“The love for the sport is obviously still there. But the question still is, am I capable of bringing it to a level where I would like it to be at and where I want it to be at before I want to play at a high level of one of the best women’s sports in the world.

“I don’t feel like I need to prove anything, but I want to challenge myself and I want to be strong again. This is my marathon. This is where I’m saying OK, let’s try this.”

Be focused on the new data and read

 New sport season, new challenges

For all: let’s read more, let’s read much more, don’t settle for what we know

Stay incredulous of what little we know

Don’t think we’ve studied already too much

Let’s be amazed with the new concepts and data coming from science 

Give the streets back to the children to play

Do you want children to be able to play freely outside their own front door?

We are a parent and resident led movement restoring children’s freedom to play out in the streets and spaces where they live, for their health, happiness and sense of belonging. Here you’ll find all you need to start regular ‘playing out’ sessions on your street or other actions to spark change where you live. Also ideas, stories and inspiration gathered from people around the UK and beyond.

Children don’t play out like they used to, missing out on vital #physicalactivity, friendship, #community, freedom & independence. A growing movement of parents, residents and organisations is changing this and you can get involved. #playingout.

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Autism, sport and summer camp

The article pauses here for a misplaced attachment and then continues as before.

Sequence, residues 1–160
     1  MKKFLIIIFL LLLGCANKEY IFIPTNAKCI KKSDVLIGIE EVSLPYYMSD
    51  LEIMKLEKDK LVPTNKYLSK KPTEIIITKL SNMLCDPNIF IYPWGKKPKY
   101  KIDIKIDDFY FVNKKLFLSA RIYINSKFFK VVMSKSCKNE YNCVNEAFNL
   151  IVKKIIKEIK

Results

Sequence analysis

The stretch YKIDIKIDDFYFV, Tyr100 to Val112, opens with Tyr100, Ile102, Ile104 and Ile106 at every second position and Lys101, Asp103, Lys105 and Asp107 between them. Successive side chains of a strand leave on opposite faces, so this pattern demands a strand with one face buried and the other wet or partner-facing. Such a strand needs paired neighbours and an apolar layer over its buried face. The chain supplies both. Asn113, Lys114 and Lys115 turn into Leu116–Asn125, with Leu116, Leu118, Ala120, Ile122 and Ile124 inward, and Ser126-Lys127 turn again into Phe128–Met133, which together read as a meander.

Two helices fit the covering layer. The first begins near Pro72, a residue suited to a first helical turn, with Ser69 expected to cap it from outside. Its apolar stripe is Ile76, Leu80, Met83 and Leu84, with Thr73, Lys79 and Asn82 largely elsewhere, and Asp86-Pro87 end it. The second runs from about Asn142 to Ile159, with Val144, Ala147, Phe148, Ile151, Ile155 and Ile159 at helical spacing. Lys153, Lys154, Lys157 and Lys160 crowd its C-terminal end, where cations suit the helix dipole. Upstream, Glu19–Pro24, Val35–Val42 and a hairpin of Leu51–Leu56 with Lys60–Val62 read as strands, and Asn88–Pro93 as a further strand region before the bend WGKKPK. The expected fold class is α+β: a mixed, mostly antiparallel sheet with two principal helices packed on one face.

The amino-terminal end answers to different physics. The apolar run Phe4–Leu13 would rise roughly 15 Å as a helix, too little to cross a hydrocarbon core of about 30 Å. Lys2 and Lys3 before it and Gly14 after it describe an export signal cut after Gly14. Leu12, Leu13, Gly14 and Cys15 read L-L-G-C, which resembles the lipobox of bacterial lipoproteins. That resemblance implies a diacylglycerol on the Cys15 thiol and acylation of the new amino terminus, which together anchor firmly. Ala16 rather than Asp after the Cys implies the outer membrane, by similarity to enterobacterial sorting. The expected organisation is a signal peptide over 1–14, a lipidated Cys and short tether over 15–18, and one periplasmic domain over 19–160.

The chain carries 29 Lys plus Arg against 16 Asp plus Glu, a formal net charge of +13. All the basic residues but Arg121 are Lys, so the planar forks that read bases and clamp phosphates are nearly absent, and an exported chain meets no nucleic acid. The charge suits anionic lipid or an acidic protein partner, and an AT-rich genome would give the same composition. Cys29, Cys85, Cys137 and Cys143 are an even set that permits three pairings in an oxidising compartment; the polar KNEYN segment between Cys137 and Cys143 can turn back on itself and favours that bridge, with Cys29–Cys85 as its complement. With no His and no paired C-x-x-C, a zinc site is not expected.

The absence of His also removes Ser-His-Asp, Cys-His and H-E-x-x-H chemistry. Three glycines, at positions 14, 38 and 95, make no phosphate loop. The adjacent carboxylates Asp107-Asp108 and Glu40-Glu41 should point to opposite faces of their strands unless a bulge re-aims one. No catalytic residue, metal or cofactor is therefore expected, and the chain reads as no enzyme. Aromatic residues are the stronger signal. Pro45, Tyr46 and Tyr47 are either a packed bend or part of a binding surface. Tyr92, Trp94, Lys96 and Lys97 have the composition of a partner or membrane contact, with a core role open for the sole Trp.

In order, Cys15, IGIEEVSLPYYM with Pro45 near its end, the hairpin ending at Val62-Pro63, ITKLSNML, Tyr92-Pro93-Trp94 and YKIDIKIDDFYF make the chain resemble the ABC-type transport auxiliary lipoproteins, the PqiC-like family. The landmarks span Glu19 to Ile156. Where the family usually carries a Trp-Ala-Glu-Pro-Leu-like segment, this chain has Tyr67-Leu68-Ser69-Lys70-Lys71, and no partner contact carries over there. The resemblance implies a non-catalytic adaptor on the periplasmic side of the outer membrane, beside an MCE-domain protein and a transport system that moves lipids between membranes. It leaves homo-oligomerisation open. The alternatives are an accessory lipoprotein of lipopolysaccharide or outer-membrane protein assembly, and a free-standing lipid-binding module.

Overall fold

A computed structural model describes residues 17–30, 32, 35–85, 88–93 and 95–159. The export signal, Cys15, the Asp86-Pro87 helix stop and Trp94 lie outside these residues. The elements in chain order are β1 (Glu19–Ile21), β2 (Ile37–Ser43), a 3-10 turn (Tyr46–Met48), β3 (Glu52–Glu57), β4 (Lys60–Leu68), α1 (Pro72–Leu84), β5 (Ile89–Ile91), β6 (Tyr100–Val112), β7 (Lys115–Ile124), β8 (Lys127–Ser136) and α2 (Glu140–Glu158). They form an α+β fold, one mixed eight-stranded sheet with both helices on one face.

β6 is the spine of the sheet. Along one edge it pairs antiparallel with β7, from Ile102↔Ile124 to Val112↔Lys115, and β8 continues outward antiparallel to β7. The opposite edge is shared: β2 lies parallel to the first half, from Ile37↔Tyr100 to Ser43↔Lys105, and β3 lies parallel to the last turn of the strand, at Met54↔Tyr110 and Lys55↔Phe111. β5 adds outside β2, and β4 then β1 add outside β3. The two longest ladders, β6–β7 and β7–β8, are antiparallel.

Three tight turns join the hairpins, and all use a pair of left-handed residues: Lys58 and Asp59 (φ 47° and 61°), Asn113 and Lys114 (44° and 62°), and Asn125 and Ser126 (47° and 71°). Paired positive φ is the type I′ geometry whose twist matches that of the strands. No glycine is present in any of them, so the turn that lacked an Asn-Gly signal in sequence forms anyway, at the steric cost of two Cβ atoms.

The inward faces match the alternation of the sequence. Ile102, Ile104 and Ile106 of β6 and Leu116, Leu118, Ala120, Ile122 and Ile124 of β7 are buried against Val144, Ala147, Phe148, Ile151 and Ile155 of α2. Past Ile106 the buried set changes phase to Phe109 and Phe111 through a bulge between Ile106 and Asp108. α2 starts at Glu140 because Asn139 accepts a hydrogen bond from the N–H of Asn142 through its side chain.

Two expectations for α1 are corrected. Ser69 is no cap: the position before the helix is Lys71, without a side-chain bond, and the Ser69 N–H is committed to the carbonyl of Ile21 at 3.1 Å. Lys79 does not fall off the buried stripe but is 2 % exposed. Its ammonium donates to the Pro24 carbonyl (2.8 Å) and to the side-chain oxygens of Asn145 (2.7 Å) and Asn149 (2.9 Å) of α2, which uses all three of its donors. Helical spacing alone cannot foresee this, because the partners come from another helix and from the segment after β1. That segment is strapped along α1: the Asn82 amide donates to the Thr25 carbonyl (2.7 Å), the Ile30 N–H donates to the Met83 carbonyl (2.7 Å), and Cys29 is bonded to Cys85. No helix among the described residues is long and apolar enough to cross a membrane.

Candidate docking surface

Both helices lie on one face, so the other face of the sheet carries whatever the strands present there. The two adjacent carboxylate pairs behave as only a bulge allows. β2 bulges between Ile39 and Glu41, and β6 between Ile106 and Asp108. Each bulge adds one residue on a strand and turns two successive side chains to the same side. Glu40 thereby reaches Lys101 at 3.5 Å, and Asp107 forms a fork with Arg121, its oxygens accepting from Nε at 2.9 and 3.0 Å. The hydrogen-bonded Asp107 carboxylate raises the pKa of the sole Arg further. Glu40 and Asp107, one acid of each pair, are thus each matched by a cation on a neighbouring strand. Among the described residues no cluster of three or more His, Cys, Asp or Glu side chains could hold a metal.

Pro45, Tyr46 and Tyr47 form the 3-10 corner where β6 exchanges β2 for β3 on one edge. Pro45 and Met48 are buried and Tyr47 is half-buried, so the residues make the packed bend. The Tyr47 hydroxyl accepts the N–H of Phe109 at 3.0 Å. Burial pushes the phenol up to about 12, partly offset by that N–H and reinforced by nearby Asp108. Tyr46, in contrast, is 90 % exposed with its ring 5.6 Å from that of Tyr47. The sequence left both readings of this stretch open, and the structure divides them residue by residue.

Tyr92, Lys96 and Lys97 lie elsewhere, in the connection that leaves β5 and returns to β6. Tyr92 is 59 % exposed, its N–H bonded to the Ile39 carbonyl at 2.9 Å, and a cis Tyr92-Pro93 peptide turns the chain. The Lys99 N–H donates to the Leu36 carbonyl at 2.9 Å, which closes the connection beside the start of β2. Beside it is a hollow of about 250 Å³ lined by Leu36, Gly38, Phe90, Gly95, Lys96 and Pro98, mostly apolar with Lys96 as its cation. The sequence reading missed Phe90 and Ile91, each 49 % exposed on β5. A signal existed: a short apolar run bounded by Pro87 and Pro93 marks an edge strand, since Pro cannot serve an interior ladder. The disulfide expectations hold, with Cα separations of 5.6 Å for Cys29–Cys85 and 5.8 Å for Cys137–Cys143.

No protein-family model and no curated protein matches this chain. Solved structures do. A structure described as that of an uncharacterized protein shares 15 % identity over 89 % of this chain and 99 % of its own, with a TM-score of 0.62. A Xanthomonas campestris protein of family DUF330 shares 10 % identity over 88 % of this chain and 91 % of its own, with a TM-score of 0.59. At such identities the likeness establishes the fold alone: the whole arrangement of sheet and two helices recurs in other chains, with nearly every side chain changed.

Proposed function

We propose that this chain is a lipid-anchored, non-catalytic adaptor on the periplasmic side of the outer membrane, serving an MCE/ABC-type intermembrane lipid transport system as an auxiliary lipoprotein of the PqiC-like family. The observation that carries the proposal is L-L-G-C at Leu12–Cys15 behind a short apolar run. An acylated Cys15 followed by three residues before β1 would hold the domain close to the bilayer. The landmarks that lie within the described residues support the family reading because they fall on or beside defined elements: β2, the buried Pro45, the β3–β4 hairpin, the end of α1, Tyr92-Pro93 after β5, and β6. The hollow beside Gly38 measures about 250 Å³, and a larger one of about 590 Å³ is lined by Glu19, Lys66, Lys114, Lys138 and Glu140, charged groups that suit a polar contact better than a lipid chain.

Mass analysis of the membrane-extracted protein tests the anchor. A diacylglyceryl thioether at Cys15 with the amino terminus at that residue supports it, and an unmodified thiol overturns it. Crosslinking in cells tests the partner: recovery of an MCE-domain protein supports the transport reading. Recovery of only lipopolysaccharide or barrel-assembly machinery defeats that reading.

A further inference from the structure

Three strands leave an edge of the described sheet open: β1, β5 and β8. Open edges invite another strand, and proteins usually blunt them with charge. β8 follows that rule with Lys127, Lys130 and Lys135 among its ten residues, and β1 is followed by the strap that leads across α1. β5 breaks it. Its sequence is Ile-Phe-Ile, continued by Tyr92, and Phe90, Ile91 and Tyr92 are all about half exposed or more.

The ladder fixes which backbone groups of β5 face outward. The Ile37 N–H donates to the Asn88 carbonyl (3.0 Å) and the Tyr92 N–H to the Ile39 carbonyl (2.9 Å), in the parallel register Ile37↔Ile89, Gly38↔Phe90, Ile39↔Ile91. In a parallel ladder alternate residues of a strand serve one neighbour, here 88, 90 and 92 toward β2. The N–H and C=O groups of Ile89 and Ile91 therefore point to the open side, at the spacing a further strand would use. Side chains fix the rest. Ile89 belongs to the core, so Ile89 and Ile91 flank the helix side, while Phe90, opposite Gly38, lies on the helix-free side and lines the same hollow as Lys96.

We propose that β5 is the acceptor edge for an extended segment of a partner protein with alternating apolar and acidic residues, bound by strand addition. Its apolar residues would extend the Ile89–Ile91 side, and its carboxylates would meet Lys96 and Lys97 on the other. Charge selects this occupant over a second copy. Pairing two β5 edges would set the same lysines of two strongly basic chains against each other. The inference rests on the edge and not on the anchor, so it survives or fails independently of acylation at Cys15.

Summer camp for children with ASD and parents’ perception of changes in psycho-social skills

ALBERTO CEI, BRUNO RUSCELLO and DANIELA SEPIO

IJSP, 2019, 50, 162-175

The study examined in children with ASD their psychosocial behaviors pre/post a summer sport camp of two intensive weeks in term of time (5 hours per day) and multidisciplinary approach. Participants were 29 children (8-13 years) from mild to severe degrees of ASD. They alternated the three activities each day for a time of 75 minutes: soccer, aquatic activities and expressive activities. The team leading the camp consisted in coaches, sport psychologists, one speech-language therapist and one physician. The Adaptive Social Skills Measure (Walker et al. 2010) has been used to assess the children psychosocial skills in four areas: verbal communication, social interaction, transitions and attention to task. The parents filled the questionnaire pre/post the camp assessing the psychosocial competences of their children. Results showed the parents perceived significant improvement in children for all four subscales. The data outlined the relevance to study in a natu- ralistic context these psychosocial skills in a short period of training but intensive for number of hours per day and activities practiced.